Clearer EU biodiesel policy leads to recovery of French Avril group
June 26, 2019
French agro-industrial group Avril has seen a notable recovery in the second half of 2018, after cutting its biodiesel production and seed crushing at the start of the year due to an influx of Argentine biodiesel into Europe.
The group’s earnings before interest, tax, depreciation and amortisation (EBITDA) rose to €154M (US$174M) for the year ending 31 December, up 26%, and net profit was €16M (US$18.2M) compared with a net loss of €56M (US$63.8M) a year earlier.
“2018 was clearly a year of two halves,” said Avril CEO Jean-Philippe Puig. “During the first six months, the group had to deal with an unfavourable economic context and focused on its costs. The second half ended more satisfactorily, notably under the effect of decisions that clarified the horizon with respect to regulatory issues, such as the future for biodiesel in Europe.”
“In December 2018, the new European Renewable Energy Directive (REDII) maintained the level of incorporation of first generation biofuels at 7% [until 2030] and introduced restrictions on the highest emitting biofuels,” Avril said in a press release on 4 June.
In January 2019, the EU also announced it was in favour of a compromise to limit unfair competition from Argentine soyabean biodiesel, by fixing a quota and a minimum price below which anti-subsidy duties would be imposed.
The stabilisation of the market allowed Avril to improve its performance in oilseed processing and biodiesel production.
Avril was set up in 1983 to develop French production of oilseed and protein crops. It operates in five business lines, with Oilseeds Processing encompassing oilseed crushing, refining and the sale of oils, biodiesel and meals.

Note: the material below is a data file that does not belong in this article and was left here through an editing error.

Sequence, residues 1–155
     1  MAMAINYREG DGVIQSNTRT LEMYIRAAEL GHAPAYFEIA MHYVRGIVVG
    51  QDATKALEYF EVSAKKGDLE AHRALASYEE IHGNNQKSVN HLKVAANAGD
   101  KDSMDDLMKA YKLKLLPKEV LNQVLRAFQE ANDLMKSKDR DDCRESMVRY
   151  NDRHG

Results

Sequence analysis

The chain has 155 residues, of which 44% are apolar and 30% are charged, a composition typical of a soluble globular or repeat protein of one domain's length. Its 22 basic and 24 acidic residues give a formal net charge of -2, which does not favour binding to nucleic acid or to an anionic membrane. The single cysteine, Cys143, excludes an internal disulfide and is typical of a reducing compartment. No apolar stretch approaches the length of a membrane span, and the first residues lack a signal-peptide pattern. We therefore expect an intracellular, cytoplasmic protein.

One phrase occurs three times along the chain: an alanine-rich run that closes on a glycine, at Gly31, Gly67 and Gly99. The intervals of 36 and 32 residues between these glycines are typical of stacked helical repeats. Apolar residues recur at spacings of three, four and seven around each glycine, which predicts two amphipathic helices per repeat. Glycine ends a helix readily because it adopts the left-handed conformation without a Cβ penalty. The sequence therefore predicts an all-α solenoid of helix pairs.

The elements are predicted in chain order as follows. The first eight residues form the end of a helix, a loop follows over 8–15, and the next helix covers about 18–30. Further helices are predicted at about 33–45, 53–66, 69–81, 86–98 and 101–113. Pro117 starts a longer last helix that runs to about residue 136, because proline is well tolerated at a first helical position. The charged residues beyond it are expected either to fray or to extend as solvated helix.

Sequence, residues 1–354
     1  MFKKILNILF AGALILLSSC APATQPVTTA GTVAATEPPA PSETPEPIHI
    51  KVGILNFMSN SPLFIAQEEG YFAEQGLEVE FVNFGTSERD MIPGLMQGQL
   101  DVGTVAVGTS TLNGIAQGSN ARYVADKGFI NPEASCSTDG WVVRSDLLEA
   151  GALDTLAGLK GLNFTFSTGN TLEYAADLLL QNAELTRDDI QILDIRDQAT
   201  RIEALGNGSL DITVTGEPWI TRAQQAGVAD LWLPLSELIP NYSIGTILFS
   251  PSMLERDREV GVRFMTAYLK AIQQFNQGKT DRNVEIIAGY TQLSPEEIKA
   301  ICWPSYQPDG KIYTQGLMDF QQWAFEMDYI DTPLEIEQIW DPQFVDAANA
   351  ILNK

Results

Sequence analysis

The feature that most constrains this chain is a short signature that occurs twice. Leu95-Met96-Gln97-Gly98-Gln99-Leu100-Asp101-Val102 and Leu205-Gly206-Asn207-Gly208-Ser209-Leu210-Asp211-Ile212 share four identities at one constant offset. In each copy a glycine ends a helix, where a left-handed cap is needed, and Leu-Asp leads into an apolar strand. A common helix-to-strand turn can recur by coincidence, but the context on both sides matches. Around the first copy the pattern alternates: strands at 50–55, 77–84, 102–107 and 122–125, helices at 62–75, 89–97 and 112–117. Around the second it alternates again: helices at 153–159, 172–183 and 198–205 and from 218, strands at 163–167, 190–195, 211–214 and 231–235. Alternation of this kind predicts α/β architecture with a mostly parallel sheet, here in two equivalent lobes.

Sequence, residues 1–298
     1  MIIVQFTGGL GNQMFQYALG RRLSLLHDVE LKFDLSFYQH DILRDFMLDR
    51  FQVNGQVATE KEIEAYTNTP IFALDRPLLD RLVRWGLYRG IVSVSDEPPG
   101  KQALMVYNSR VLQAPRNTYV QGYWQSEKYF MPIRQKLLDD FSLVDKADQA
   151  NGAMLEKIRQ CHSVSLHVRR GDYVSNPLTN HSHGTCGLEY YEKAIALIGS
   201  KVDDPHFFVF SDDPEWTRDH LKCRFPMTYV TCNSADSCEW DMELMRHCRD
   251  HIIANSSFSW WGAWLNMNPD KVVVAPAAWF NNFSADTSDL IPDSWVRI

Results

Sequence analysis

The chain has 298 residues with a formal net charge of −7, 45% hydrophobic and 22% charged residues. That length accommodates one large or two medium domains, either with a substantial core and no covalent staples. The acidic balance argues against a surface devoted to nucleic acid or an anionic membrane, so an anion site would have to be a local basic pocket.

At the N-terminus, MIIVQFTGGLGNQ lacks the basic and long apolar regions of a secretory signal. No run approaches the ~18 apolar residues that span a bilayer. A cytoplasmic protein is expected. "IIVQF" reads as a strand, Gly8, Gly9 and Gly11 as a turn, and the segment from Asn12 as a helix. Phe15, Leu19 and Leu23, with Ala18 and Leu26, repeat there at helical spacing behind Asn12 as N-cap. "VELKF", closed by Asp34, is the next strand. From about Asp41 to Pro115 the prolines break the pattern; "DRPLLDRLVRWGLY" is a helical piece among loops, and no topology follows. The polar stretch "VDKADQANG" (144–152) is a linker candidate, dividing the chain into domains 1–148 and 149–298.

In November 2018, the company launched Oleo100, the first 100% rapeseed, renewable and traceable biofuel produced by French agriculture, aimed at haulage contractors and local government bodies.
Avril said its Oils & Condiments line, under the Lesieur subsidiary, had experienced a difficult year. However, the line would benefit in 2019 from the repositioning of its Puget and ISIO4 brands and the launch in French retail outlets of the Italian olive oil brand Costa d’Oro, acquired in May 2018, and ranking Avril third in the global market for branded olive oils as a result.
In the Specialties Business line, Avirl’s oleochemicals subsidiary Oleon had been hit at the end of the year by the economic slowdown in Europe, but the downturn was offset by Oleon’s positioning in specialty products with high added value.
“All these activities, nevertheless, remain subject to the external risks inherent in agriculture and livestock farming, which are still experiencing difficulties,” Avril said.